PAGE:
6. Pricing flexibility

Because the App Store allows game developers to more directly address their audience, developers have more control over the price of the Apps they produce, so they can match the scope of their games to a variety of price points from zero to $9.95. This is a very big deal and makes it painless for users to jump into the market by trying free Apps. It also allows developers to adjust the price of Apps already in the market and see almost instant results.

7. The software

Apple’s Touch based interface is significantly ahead of the competition and is being refined through regular software updates. Apple’s entire culture is based upon delivering innovative, elegant, simple-to-use experiences and it shows in the reviews and sales. The fact is that the iPhone caught the entire smart phone industry asleep at the switch.

8. The hardware

Apple has been making mass market, battery-intensive portable devices called iPods since 2001. In that time, they have out-innovated, out-marketed and outsold every competitor by significant margins. They have never been afraid to compete with themselves, eliminating market leading products (like the iPod Mini for example) with better ones rather than milk a product until its old age. Apple “eats its own children” and does so when they are barely out of their teens. This strategy is alien to most companies and makes it hard for them to compete.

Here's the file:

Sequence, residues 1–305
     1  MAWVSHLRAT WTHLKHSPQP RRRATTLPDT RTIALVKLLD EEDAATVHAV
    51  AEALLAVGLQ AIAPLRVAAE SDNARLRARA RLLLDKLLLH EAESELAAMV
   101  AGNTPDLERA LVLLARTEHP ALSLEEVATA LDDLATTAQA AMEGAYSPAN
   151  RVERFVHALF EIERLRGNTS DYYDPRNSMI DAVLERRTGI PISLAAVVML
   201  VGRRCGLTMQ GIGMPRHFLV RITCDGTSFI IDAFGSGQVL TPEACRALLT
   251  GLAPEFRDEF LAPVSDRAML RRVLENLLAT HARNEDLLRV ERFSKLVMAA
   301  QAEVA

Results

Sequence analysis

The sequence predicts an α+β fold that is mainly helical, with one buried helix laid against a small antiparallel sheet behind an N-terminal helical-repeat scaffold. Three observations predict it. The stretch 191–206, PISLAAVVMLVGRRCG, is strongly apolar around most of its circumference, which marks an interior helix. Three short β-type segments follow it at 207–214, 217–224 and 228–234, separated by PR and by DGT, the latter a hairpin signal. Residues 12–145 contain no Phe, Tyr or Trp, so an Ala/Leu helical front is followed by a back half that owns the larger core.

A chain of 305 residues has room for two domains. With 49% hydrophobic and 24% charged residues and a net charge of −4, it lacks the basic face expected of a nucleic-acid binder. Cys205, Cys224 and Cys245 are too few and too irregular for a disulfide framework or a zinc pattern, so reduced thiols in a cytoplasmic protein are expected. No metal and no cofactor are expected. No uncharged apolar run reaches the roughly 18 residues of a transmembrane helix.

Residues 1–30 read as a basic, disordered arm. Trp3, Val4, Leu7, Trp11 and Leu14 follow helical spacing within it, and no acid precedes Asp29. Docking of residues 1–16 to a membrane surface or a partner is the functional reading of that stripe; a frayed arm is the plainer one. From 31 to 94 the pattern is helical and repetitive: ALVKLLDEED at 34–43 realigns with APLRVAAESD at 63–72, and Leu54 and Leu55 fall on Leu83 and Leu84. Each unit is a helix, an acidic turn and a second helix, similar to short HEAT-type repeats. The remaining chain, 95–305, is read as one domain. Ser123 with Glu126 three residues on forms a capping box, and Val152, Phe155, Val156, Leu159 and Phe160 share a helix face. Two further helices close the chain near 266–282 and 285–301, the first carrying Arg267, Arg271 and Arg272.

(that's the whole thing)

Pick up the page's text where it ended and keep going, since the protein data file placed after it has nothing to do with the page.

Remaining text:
9. The competition

I find it incredibly refreshing that no one yet knows what the killer game on the iPhone is going to be. The marketplace is so new, the audience so diverse, and the applications so many, that there is a lot of crap being thrown at the wall. Will Sony make the killer iPhone game? Will Microsoft? How about Nintendo? Nope. No sir. Not remotely. They all have a vested interest in not supporting Apple’s platform strategy, leaving an opening for smaller, more flexible companies to find their place in the sun.

10. The audience

Today, I don’t think users buy an iPhone primarily to play games. They buy it to replace their cell phone. Then they might use it to check email and the web. Maybe the third priority is getting an iPod to listen to music and watch movies. But, once they have the phone, they get access to the App Store and all its content as a bonus. How many new gamers are going to be created?

appykids

What kinds of experiences is this vast audience going to want? And when will games start becoming a primary driver of sales on the platform? Overnight, the iPhone could emerge as the Trojan Horse of game platforms, having already penetrated to every corner of the earth.

11. The Chance To Make A Dent In The Universe

This is the most important reason of all. In 1984, Steve Jobs introduced the Macintosh, the computer that changed my life and paved the way for my excuse of a career in publishing and video games. During the same year, Rob Reiner released This Is Spinal Tap. Coincidence? I think not …

We’ve hitched our fortunes to Apple’s iPhone with our startup company, Appy Entertainment. We’re currently prototyping our first game for this new, exciting, world-wide platform.

What do you think? Is the iPhone the fourth wave of computing, or will they have to pry your Blackberry from your cold, dead fingers? Comment below!

Time to turn it up to 11!